Why did they leave? British policies regarding land ownership left the Indian peasantry in these regions in massive amounts of debt. In came a recruiter from the city. He promised stable jobs and higher wages. Sometimes he mentioned that the job was across the kala pani—the black waters that were said to destroy a man’s caste and all his filial attachments. Sometimes the recruiter just mentioned that the job was somewhere else. But it was all about the money anyway. The recruiter said that the pay was 1½ shillings per day, almost 25 times the wage a peasant could find inside India. Who wouldn’t sign away his life for that?
The recruiter took them to Calcutta. They sat in a depot with the other migrants, separated by gender, as they waited for their departure. The depot turned rural Indians into indentured laborers. As the journalist and historian Gaiutra Bahadur put it in Coolie Woman, “the system took gardeners, palanquin-bearers, goldsmiths, cow-minders, leather-makers, boatmen, soldiers and priests with centuries-old identities based on religion, kin and occupation and turned them all into an indistinguishable, degraded mass of plantation laborers without caste or family.”
They sailed down the Hooghly River into the Bay of Bengal, and watched their homeland fade from view. The journey from India to the Caribbean could take as long as 200 days without steam power. Men and women were separated, though this did little to safeguard women from abuse. They were often molested or raped by the sailors, captains, and officials on board. In the end, the black waters drew some to jump overboard.
Once they arrived in the indenture colony, Indians were sent to work on sugar (or rarely, cocoa) plantations for up to five years. The labor was backbreaking—hours spent weeding, tilling, and cutting cane. Diseases such as hookworm were rampant. Officials sent them to prison for petty violations of their indenture contracts. The stresses of plantation life meant that girmitiyas were often taken to the brink of sanity in a world that cared little for their well-being. They summed up their life with a single word: narak (hell). But their contracts required five years of labor. If they wanted a free journey back to India, they had to sign up for another five years of narak. Most were unable to stomach the thought. They never left.
These colonies offered a chance to build anew. Some remained on or near the plantations and afforded themselves the comforts of a routine they had come to know and hate. Others shed their past identities, both as rural peasants and as girmitiyas. They became catechists, teachers, landowners, or clerks. Some even became shopkeepers, greengrocers, or cooks.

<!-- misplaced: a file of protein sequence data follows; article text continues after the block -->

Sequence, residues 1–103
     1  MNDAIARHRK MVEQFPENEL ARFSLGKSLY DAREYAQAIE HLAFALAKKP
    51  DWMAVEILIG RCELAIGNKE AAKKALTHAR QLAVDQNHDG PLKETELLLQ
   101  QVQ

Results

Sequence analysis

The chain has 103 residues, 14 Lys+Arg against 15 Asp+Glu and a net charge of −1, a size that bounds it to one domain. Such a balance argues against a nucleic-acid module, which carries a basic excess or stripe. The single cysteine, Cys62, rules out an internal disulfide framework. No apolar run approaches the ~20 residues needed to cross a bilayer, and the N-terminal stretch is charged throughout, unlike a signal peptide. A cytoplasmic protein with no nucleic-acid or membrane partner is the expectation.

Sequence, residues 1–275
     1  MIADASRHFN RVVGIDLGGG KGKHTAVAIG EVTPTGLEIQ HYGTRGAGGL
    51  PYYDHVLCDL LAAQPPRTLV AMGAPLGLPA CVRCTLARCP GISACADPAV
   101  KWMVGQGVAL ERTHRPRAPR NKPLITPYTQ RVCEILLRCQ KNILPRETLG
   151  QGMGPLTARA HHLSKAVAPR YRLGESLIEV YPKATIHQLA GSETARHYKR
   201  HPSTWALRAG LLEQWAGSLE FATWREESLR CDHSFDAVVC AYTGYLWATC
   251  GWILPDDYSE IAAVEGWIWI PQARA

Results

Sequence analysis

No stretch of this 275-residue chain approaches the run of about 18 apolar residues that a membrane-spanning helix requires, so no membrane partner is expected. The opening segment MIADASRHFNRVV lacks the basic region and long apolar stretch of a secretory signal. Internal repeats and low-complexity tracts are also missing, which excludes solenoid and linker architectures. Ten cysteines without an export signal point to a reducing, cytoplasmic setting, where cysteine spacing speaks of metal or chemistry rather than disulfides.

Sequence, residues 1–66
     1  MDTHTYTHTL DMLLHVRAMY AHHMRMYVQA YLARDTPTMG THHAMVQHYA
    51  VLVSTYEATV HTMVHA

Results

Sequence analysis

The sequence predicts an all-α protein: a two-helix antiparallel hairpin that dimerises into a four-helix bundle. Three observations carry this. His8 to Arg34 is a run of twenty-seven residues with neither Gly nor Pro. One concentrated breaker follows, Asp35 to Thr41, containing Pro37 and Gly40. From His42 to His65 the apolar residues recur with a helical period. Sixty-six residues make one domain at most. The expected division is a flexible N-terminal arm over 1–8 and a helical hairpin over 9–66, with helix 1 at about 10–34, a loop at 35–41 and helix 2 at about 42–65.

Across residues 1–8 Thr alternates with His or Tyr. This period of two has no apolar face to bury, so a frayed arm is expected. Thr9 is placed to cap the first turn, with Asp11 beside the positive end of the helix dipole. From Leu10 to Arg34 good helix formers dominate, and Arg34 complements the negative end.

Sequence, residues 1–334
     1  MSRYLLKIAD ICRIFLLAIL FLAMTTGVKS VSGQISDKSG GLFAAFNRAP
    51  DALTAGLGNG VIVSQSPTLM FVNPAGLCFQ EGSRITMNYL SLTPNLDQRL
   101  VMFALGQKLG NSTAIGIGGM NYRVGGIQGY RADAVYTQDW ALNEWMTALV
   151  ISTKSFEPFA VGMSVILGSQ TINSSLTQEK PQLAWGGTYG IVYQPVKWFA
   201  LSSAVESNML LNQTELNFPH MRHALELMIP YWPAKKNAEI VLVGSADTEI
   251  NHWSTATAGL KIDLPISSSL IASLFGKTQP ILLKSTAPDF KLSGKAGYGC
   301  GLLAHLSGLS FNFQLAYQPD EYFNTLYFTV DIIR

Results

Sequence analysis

But what would they cook? What would they serve their Indian customers? What they invented anew was always tinged with the past. They had just come from plantations where their memories were turned into meals that fueled them through long days of cutting and milling cane. In the years after indenture, these meals took on elements of the old world and the new. The sons and daughters of girmitiyas created a new style of cooking, one that was both Indian and not. This was the food that would speak to their ancestors, their lives, and their new homes.
What did the girmitiyas take from India? Usually, it was whatever they could fit in their small jahaji bandals (jahaji: literally sailor, but in this case a seafarer or traveler; bandal: bundle) filled with nothing more than a few pounds of assorted items. Brinsley Samaroo, a historian of indenture, found that in their sheets tied upon sticks, girmitiyas stuffed fruits, vegetables, and flowers: aam (mango), Tamar-e-Hind (literally, “dates of India,” now known as tamarind), legumes, peppers, spices, and more. They planted old seeds in their new homes.
I remember being 16 and reading Jhumpa Lahiri’s The Namesake. Of all the scenes in that book, one, its opening, remains indelible. In a humid summer kitchen stands Ashima Ganguli, mixing together Rice Krispies, Planters peanuts, salt, lemon juice, green chilies, and red onion, trying to make an approximation of jhalmuri to satisfy a pregnancy craving. Every migrant has a craving. Every migrant has to make do. The girmitiyas were no different.
In his documentary Dalpuri Diaspora, Richard Fung explores some of the ways in which recipes and food traveled from India to the Caribbean. For example, he found that migrants couldn’t find any dhaniya (cilantro), but they did find an herb that looked like it. What substituted for dhaniya was culantro, rechristened by the girmitiyas as bhandaniya (shrub cilantro). The thick leaves of the culantro stand in stark contrast to the delicate cloves of the cilantro plant. The taste is also less pronounced than cilantro, yet more herby, and more green. This was in contrast to Fiji, where Indians brought dhaniyain their jahaji bandals. The Fijian language lacks a word for cilantro, so to this day, all in that island nation refer to cilantro as dhaniya.
This willingness to swap is evident in the spice mixes essential to Indian cooking. The quintessential spice mix of South Asia is garam masala, the mix of cumin, coriander, cardamom, peppercorn, cinnamon, clove, and nutmeg. But the curry powders in the indenture colonies spoke to the ingredients on hand. Curry powders in the Caribbean and Fiji, for example, use a significant amount of turmeric in their mixes. The South African Durban curry powder uses a mix of chili powder, ginger, garlic, coriander, cumin, cardamom, cinnamon, and fenugreek.